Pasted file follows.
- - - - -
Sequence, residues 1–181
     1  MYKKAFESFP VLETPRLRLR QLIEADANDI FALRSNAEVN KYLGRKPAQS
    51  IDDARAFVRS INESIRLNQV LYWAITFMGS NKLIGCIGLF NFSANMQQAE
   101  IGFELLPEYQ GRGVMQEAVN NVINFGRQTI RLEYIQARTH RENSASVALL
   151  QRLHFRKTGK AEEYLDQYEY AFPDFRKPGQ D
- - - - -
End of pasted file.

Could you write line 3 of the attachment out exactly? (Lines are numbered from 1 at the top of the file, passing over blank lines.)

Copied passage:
    51  IDDARAFVRS INESIRLNQV LYWAITFMGS NKLIGCIGLF NFSANMQQAE